Such crafts­man­ship may ex­plain why Lon­don’s writ­ing, while sparse in terms of out­put, has been rel­ished by the lit­er­ary prize- givers. Her first short- story col­lec­tion, Sis­ter Ships, was se­lected as The Age Book of the Year in 1986. Her sec­ond col­lec­tion, Let­ter to Con­stan­tine, won the Steele Rudd Award in 1994 and a West Aus­tralian Premier’s Award.

In 2001 her first novel, Gil­gamesh, was short­listed for the Miles Franklin award, and longlisted for the Or­ange Prize and the Dublin Impac award. In 2002, it won The Age Book of the Year fic­tion prize. It was listed as a New York Times No­table Book in 2003.

She be­gan writ­ing The Good Par­ents around the time her chil­dren, now in their 30s, were leav­ing home. ‘‘ It was just about over, like ( with) Toni and Ja­cob. They have to then pre­pare them­selves for the next stage in their lives.’’

One day, Lon­don glimpsed a scene in David Lynch’s film Lost High­way and set­tled in that split sec­ond on the ti­tle for her new book. Lynch’s film was a dark, sur­real story of a young man who found him­self tak­ing the place of an­other man in prison, but it was his stoic par­ents who in­trigued her. ‘‘ They are shown sit­ting on a couch, just watch­ing and wait­ing, the way par­ents have to do with older chil­dren. I thought: ‘ They’re the good par­ents.’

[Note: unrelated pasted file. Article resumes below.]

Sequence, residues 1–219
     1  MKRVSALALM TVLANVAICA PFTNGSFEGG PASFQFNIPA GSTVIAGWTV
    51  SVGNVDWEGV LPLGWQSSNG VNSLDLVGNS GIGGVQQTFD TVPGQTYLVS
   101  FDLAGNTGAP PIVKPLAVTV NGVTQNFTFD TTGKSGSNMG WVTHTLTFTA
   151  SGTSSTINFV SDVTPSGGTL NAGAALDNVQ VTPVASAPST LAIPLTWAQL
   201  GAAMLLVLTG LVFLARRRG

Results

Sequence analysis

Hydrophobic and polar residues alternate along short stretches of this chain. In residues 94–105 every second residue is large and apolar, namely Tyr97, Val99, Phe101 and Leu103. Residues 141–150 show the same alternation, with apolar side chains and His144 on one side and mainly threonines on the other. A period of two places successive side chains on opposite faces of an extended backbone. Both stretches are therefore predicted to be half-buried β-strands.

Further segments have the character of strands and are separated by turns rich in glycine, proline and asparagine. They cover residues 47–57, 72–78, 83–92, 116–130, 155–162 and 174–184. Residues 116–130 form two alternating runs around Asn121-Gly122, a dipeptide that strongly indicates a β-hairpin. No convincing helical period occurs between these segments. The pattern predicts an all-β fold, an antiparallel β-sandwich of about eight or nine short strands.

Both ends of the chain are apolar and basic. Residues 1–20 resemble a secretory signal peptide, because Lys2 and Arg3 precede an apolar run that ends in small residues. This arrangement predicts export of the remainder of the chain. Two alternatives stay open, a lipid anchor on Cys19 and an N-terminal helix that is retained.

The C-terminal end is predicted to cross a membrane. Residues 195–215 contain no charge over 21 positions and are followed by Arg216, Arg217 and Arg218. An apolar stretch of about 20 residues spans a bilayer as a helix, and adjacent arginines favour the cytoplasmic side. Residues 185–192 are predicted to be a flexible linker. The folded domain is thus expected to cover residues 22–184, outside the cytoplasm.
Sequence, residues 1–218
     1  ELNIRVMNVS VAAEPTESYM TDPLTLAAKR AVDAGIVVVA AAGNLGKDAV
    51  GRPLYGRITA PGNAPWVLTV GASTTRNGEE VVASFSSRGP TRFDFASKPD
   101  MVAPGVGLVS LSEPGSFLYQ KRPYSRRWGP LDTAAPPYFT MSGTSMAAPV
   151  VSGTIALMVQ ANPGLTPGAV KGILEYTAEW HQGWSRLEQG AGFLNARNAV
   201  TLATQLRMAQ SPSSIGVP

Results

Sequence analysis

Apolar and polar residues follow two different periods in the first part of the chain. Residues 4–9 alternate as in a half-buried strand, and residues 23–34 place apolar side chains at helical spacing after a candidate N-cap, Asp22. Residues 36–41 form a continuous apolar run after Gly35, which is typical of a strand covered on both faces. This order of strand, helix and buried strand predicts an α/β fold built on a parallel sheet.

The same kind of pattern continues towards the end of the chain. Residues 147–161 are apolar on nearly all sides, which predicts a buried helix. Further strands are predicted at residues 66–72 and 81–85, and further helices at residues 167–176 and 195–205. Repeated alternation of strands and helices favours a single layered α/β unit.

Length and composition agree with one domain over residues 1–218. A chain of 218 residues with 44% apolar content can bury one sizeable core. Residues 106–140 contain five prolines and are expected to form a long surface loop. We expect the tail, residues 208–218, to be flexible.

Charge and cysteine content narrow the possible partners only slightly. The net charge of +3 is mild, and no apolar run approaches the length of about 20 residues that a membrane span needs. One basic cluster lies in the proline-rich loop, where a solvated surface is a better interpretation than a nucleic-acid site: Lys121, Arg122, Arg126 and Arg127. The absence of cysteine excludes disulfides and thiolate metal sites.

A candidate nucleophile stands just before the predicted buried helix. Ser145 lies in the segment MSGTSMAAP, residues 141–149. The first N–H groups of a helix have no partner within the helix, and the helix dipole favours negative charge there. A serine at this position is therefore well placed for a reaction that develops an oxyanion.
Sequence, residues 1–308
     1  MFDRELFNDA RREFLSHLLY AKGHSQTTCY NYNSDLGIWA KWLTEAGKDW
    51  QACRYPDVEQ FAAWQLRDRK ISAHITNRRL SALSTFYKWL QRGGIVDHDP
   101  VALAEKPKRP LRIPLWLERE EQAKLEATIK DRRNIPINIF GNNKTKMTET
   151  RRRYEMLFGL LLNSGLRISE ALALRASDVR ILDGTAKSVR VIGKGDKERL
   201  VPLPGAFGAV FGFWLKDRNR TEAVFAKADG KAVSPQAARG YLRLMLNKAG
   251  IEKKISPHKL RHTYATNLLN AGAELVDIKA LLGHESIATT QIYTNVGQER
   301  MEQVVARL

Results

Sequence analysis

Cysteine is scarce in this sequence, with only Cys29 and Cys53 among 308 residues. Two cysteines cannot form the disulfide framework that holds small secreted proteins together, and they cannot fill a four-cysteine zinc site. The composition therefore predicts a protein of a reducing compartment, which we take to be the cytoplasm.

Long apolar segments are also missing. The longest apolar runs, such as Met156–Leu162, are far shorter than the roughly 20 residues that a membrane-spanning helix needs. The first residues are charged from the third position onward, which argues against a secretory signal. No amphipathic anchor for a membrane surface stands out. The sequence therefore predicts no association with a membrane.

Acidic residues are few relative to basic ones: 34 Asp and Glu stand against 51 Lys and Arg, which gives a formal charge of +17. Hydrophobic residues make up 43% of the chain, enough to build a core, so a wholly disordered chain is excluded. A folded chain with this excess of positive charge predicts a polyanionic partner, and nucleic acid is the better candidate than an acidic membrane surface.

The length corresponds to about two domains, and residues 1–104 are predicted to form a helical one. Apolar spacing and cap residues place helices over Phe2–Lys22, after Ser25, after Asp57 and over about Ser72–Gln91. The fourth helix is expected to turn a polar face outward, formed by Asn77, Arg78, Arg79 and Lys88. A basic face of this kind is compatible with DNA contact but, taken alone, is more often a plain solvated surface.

‘‘ It’s an hon­ourable role and I think most of us try to be good par­ents. It be­comes the hinge of your hap­pi­ness be­cause if some­thing goes wrong with your chil­dren, noth­ing else mat­ters.

‘‘ I wanted to write about par­ent­hood be­cause it’s so much a part of our life, our time and our thoughts. It’s a huge port­man­teau and in the book every­one is a child, or has chil­dren. It’s just one of the great top­ics of the world, I sup­pose.’’

Why write at all? Lon­don doesn’t hes­i­tate to an­swer. ‘‘ When I get an idea and all my thoughts are flow­ing into that idea, it feels like psy­chic health. It’s be­yond my­self. It’s a med­i­ta­tion, an in­quiry into why we are hu­man. It makes me feel alive and pur­pose­ful and less neu­rotic.

‘‘ I read pre­co­ciously as a child and I al­ways wanted to be a writer,’’ she adds. ‘‘ That ( de­ci­sive­ness) fas­ci­nates me. Young chil­dren say, ‘ I’m go­ing to play the vi­o­lin’ and they do it. But how do they know?’’ Th­ese days, a small child plays in Lon­don’s back yard, which is less ca­pa­cious than the one in which she grew up. Two- year- old Francesca is her daugh­ter’s daugh­ter, and an­other grand­child is on the way.

Like the messy, un­re­solved but in­trigu­ingly in­ter­twin­ing lives of Maya and her mum and dad, Lon­don finds it re­as­sur­ing that events un­fold and lead one in un­pre­dictable di­rec­tions.

‘‘ I think life end­lessly teaches you what’s next for you,’’ she says. ‘‘ It’s about ad­just­ment, and what you think is go­ing to be un­bear­able is ac­tu­ally quite wel­come.’’

Be­com­ing a grand­par­ent has brought im­mense, un­fore­seen plea­sure. ‘‘ One falls into cliches,’’ Lon­don says, shrug­ging and smil­ing broadly. ‘‘ Every­one my age says it’s won­der­ful. It’s like the re­ward for be­ing a par­ent.’’